At the $50,000 event in Charlottesville, Virginia, Alexis Gordon of the United States won the first title of her career with a 6-3, 6-3 win over Olga Puchkova of Russia. The 25-year-old Gordon is currently in her debut year on the tour, having finished college at the Univ. of Florida in May of last year. She also took time off in college to give birth to her daughter, Imani, who’s now three years old. Gordon moves up to No. 374 in the rankings this week and she says that her goal is to make the cut-off for the qualifying at the Australian Open next year.
In other challenger results on the women’s side, Stephanie Vogt of Liechtenstein won the $50,000 event in Makarska, Croatia and Noppawan Lertcheewakarn of Thailand won the $25,000 event in Balikpapan, Indonesia. Jarmila Gajdosova of Slovakia won the $25,000 event in Gimcheon, Korea, and Augustina Lepore of Argentina won the $25,000 tournament in Coatzacoalcos, Mexico.
On the men’s side, Thomaz Bellucci of Brazil won the biggest title of her career at the $125,000 challenger in Tunis, Tunisia, beating Dusan Vemic of Serbia 6-4, 6-4 in the final. This is Bellucci’s third challenger title of the year and propelled him into the world’s top 100 for the first time in his career.
At the $75,000 event in Prague, Czech Republic, Jan Hernych of the Czech Republic beat fellow countryman Lukas Dlouhy 4-6 6-2 6-4 in the final. This was the first all-Czech final in the tournament’s history.
Stephane Bohli of Switzerland won the title at the $50,000 event in Lanzarote, Spain with a 6-3, 6-4 over Yen-Hsun Lu of Taipei. This is the first challenger title for Bohli, having lost in all four of his previous finals. Lu has been a strong competitor on the challenger circuit this year, reaching the finals of a challenger in Busan, Korea last month and winning the title in Waikoloa, Hawaii last January.
At the $35,000 event in Rome, Italy, Eduardo Schwank of Argentina won his second challenger title in the tow with a 6-3, 6-7, 7-6 win over Eric Prodon of France. The win also moves Schwank into the top 100 for the first time in his career.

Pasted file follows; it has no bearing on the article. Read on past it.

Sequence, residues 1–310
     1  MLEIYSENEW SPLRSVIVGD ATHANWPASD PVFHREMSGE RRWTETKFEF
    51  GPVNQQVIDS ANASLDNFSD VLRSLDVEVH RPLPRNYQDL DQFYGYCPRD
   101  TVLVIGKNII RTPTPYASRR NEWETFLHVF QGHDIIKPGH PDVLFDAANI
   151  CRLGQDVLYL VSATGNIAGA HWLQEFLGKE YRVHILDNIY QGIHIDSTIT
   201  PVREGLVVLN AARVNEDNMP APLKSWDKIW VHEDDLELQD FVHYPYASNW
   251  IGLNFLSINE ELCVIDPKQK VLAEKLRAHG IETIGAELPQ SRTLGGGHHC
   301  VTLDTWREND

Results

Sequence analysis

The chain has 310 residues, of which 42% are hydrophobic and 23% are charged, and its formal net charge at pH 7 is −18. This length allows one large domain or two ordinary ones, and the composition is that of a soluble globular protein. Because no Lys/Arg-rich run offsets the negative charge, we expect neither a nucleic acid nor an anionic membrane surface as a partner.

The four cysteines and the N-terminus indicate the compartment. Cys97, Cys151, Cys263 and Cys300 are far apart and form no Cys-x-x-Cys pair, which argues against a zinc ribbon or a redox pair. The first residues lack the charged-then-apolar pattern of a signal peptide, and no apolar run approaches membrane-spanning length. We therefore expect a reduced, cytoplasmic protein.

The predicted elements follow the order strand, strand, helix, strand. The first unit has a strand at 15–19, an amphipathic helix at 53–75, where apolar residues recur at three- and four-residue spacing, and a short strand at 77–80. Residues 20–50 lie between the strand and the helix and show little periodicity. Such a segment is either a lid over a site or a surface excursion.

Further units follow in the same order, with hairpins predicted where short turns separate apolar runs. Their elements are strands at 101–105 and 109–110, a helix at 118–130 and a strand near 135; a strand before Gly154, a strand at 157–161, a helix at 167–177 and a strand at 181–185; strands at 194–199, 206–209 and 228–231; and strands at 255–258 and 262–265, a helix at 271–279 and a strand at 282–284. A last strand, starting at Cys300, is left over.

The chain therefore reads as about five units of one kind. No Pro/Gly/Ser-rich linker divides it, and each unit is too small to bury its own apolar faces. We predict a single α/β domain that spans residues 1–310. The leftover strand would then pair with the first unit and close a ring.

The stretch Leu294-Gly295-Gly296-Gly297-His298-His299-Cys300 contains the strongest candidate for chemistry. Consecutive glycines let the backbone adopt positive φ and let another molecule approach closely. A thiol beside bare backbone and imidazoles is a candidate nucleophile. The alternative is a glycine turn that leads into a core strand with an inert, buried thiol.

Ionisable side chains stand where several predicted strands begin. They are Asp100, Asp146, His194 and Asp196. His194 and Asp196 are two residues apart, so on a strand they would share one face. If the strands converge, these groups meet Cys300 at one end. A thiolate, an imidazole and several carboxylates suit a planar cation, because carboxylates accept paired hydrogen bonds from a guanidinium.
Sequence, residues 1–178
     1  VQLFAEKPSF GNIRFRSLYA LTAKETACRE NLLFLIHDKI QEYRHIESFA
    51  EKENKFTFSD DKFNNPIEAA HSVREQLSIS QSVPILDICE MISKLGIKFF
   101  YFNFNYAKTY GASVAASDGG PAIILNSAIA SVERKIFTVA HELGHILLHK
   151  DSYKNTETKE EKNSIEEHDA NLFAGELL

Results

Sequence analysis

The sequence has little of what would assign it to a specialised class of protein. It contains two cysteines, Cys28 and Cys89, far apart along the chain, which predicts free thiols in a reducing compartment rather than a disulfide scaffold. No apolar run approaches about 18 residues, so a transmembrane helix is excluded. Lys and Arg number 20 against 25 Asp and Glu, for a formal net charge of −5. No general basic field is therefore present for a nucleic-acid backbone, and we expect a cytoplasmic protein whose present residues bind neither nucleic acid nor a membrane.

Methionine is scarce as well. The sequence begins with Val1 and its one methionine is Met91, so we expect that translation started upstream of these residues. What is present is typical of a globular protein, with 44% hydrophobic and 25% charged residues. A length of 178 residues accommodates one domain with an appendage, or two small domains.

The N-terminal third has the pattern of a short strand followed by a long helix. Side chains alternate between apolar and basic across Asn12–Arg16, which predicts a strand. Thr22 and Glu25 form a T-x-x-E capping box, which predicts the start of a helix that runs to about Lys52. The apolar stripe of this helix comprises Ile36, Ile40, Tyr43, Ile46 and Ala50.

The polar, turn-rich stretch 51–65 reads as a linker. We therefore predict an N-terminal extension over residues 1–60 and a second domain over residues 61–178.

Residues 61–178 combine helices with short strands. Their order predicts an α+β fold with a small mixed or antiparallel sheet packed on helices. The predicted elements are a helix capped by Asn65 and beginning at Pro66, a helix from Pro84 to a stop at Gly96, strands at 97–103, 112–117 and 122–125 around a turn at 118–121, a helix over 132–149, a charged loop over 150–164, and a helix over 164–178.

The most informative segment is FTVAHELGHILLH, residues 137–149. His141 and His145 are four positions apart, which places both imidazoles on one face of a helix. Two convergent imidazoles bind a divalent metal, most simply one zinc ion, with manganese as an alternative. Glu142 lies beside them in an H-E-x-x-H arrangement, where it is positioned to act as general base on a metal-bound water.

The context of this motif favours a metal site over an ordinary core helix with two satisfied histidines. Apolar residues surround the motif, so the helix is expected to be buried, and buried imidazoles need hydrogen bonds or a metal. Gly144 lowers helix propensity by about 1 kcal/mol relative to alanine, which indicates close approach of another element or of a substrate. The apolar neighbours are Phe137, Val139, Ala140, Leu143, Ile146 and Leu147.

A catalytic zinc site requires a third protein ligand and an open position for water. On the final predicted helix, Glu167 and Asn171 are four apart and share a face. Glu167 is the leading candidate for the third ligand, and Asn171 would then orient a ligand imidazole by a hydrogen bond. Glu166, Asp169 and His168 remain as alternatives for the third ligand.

Sofia Arvidsson of Sweden leads the way next week as the top seed at the $75,000 event in Zagreb, Croatia. Lourdes Dominguez-Lino is the top seed at the $50,000 challenger in Jounieh, Lebanon, and Yanina Wickmayer of Belgium takes top billing at the $50,000 event in Indian Harbour Beach, Florida. Challenger events will also be contested next week in Bucharest, Romania, Fukuoka, Japan, Antalya, Turkey, Florence, Italy, Changwon, Korea and Irapuato, Mexico.
On the men’s side, Donald Young is the top seed at the $50,000 challenger in Tunica, Mississippi. Michael Berrer of Germany is the top seed at the $42,500 event in Dresden, Germany, Sergio Roitman of Argentina takes top billing at the $42,500 challenger in Ostrava, Czech Republic, and Guillermo Garcia-Lopez leads the way at the $42,500 challenger in Rabat, Morocco. Challenger events will also be contested next week in Rijeka, Croatia and Telde, Spain.
Rafael Nadal won his fourth straight Barcelona, Spain, title, the Open Sabadell Atlanatico, defeating David Ferrer 6-1, 4-6, 6-1
Fernando Gonzalez beat Simone Bolelli 7-6 (4) 6-7 (4) 6-3 to win the BMW Open in Munich, Germany
Vera Zvonareva won the ECM Prague Open, beating Victoria Azarenka 7-6 (2) 6-2 in Prague, Czech Republic
Gisela Dulko beat Anabel Medina Garrigues 7-6 (2) 7-6 (5) to win the Grand Prix de SAR La Princesse Lalla Meryem in Fez, Morocco
John McEnroe won the Champions Cup Boston, beating Aaron Krickstein 5-7 6-3 10-5 (Tiebreak) in Boston, Massachusetts
Viktoria Kutuzova beat Maret Ani 6-1 7-5 in Cagnes-Sur-Mer, France, to win a $100,000 ITF women’s tournament.
Tamarine Tanasugarn beat Kimiko Date-Krumm 4-6 7-5 6-2 to win an ITF women’s tournament in Gifu, Japan.
“When I did make mistakes, in the second set, David was unstoppable, but I kept very focused throughout and I am very happy to be the first man to win four years in a row.” – Rafael Nadal, after winning his fourth consecutive Barcelona Open.
“I think I played a good match, but what can you do? That’s Rafa.” – David Ferrer, following his 6-1 4-6 6-1 loss to fellow Spaniard Rafael Nadal for the Barcelona title.
“It’s a great relief for me.” – Vera Zvonareva, who won the ECM Prague Open, her first in 2008 after finishing second in three other finals this year.
“If someone had told me beforehand that I could reach the semifinals, I would have jumped at it.” – Younes El Aynaoui, who, at age 36, reached the semifinals of the BMW Open in Munich, Germany, before being edged by eventual champion Fernando Gonzalez 3-6 6-4 6-3.